Home Office’s “Iranian propaganda” over gay hangings
The government has been accused of being more inclined to believe Iran than human rights groups on the issue of how gay people are treated in that country.
The Gay and Lesbian Humanist Association is angry that the Home Office minister in the Lords last week claimed:
“We are not aware of any individual who has been executed in Iran in recent years solely on the grounds of homosexuality, and we do not consider that there is systematic persecution of gay men in Iran.”
GALHA intend to write to Home Secretary Jacqui Smith for clarification of the official position after statements by Lord West of Spithead.
In 2005 Iran sparked international outrage when it publicly executed two teenage boys.
Mahmoud Asgari and Ayaz Marhoni were hanged because according to the regime they were rapists, however gay campaigners insist the boys were killed under Sharia law for the crime of homosexuality.
Gay rights campaigner Peter Tatchell claimed that a year-long investigation into this case revealed that the regime’s allegations against the two hanged youths, Mahmoud Asgari and Ayaz Marhoni, were riddled with contradictions, implausibilities and outright lies.
At first it was claimed by Iranian officials that they were aged 18 and 19.
The best evidence is that both youths were aged 17 when they were executed and therefore minors, aged 15 or 16, at the time of their alleged crimes.
“The execution of Mahmoud and Ayaz conforms to a pattern of state torture and murder of lesbian, gay, bisexual and transgender (LGBT) people by the Iranian clerical regime,” said Mr Tatchell.
“In publicised executions of gay people, the men are often accused of the kidnap and rape of a younger male.
“All such allegations need to be treated with extreme scepticism, as they tend to follow a suspiciously stereotypical formula.
“By instituting charges of kidnap and rape, the Iranian authorities apparently hope to discredit the victims, discourage public protests and deflect international condemnation.
“They calculate that there will be little Iranian or international sympathy for people hanged for crimes like abduction and sexual assault.”
Last week Lib Dem peer Lord Avebury drew to the government’s attention the case of Makwan Mouloudzadeh, a 20-year-old who was executed in December 2007 for a homosexual offence allegedly committed when he was 13.
“It is worth repeating that we have concerns about the treatment of gays within Iran,” said Lord West, a former First Sea Lord and Chief of the Naval Staff, told the House of Lords.
“However, in the one case that we looked into, because it was shown on television (Mahmoud and Ayaz), we found that two young males were hanged because they were found guilty of raping a 13 year-old boy.
“They were hanged for the offence of rape.
“Nevertheless, we certainly will look at the point that the noble Lord raises, as we need to do so.”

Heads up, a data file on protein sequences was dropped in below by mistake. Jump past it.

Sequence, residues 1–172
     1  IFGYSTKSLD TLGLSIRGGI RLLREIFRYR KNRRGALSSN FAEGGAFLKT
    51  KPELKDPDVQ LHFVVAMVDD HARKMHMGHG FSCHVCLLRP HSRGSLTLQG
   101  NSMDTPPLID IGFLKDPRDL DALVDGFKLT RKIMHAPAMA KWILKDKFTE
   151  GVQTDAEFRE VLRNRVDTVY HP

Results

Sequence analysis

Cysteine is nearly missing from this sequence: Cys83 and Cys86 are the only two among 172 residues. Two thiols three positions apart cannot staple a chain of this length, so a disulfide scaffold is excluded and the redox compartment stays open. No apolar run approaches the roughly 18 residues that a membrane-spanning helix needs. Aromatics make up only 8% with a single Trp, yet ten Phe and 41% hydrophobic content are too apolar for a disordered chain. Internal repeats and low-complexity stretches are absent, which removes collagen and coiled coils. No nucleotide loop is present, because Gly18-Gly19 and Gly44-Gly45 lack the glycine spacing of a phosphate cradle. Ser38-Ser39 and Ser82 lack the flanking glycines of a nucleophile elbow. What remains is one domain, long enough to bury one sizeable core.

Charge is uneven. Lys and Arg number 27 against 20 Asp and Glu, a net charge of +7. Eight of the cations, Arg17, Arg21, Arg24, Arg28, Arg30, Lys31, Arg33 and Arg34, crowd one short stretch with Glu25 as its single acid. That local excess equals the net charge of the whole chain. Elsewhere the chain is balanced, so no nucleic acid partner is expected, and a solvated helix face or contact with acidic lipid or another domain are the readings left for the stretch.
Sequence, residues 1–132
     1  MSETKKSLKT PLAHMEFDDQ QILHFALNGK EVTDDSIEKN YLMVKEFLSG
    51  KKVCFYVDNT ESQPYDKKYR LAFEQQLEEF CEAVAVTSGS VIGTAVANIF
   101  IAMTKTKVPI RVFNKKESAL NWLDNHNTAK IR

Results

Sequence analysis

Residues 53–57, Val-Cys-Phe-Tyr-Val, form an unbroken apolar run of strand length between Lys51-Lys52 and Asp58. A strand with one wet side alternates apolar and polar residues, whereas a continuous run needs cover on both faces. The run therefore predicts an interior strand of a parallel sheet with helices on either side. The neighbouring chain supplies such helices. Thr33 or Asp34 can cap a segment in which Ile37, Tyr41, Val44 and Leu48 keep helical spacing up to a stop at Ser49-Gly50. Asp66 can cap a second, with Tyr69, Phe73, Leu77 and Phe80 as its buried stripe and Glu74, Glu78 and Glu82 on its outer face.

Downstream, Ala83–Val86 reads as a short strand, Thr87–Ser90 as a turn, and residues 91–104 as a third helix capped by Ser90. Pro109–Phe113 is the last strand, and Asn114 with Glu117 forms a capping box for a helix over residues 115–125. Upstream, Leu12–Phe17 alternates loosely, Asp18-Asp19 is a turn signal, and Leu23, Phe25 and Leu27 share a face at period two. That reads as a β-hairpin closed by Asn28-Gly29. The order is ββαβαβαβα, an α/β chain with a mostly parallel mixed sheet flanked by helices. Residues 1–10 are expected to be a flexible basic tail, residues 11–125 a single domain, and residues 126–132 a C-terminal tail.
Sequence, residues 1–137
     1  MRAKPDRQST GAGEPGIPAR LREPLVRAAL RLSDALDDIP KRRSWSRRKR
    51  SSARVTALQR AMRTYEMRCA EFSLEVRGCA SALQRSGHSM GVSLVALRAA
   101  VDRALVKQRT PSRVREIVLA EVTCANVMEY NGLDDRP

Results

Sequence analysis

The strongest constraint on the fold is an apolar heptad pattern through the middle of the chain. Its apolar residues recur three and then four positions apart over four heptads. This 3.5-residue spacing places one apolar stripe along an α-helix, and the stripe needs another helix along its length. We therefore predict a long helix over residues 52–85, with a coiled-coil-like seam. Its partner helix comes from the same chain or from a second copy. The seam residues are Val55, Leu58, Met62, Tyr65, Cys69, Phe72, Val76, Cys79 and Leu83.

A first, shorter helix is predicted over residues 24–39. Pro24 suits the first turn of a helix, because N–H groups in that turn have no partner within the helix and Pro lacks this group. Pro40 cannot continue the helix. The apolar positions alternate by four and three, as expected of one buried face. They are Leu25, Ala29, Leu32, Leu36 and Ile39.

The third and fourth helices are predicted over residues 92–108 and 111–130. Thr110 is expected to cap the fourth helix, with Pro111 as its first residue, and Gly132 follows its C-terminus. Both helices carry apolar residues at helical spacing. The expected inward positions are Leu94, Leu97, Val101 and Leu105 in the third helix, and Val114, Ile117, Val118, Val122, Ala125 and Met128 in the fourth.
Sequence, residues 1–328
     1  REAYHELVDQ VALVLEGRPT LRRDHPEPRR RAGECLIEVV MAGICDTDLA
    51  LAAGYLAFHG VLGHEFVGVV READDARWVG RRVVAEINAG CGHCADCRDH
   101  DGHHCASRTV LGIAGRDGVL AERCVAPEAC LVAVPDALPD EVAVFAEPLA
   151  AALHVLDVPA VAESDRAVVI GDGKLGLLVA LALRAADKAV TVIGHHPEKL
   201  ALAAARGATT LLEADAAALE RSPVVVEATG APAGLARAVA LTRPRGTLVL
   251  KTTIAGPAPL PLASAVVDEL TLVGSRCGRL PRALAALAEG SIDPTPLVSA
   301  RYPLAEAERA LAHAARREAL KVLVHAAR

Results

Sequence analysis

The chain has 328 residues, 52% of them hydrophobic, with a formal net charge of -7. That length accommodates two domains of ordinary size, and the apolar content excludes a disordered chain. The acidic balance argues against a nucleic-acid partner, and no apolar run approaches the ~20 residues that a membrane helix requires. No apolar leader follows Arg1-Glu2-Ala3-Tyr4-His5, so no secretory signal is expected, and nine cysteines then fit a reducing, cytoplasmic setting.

His comments moved crossbench peer Lord Wedderburn to comment:
“My Lords, can my noble friend explain how the Foreign Office has performed the miracle of having Nelson still alive in its offices with his telescope stuck to his blind eye?”
“All I can say is that I will talk to my colleagues in the Foreign Office to try to ensure that we are getting the best flavour of exactly what is happening in Iran,” responded Lord West.
Jim Herrick, a spokesman for GALHA, said:
“It is quite extraordinary that the minister can claim that there is no evidence of gays being executed in Iran.
“He seems more inclined to believe the propaganda of the Iranian authorities than the independent reports of organisations like Amnesty International and Human Rights Watch which testify to the risk of execution faced by gay Iranians.”
MP George Galloway last week said that Iran does not execute gay people, but rather those “committing sex crimes.”
He is well-known for his trenchant views and belief that there is a media conspiracy to portray Iran in a bad light.
The outspoken independent MP won a London seat in the 2005 election by capitalising on Muslim anger about the Gulf War.
Tory peer and Shadow Cabinet member Baroness Warsi, who is Muslim, said in the Lords last week that there are discrepancies between in-country information provided in briefs by the Foreign Office and reports produced by Amnesty and Human Rights Watch about the situation in Iran.
“If the minister accepts that there are such discrepancies and that our information is not entirely correct, how can our decisions possibly be correct?” she asked.
“I am going by the information provided, I admit, by the Foreign Office in conjunction with some NGOs,” said Lord West.
“We have no evidence of anyone we have sent back being executed, and we would never send someone back who we felt was in danger of being executed.
“That is our position with any country in the world; we just do not do that.”
Last week more than 60 peers successfully petitioned the Home Secretary to reconsider the case of Mehdi Kazemi, a gay teenager from Iran claiming asylum in the UK.
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Mr Kazemi, 19, was studying in England and applied for asylum after his boyfriend was arrested and reportedly executed in Tehran.
The boyfriend named Mehdi as a homosexual, and police turned up at his father’s house with a warrant to arrest him.
His asylum application was unsuccessful in the UK, so Mehdi fled to Holland. The Dutch authorities ruled he should be returned to the UK.
Although the decision to review his case has been met with support, gay activists have warned that there are many similar cases which are being overlooked by the government.
To read more of the Lords discussion of gays in Iran, click here.
Courtesy of theyworkforyou.com.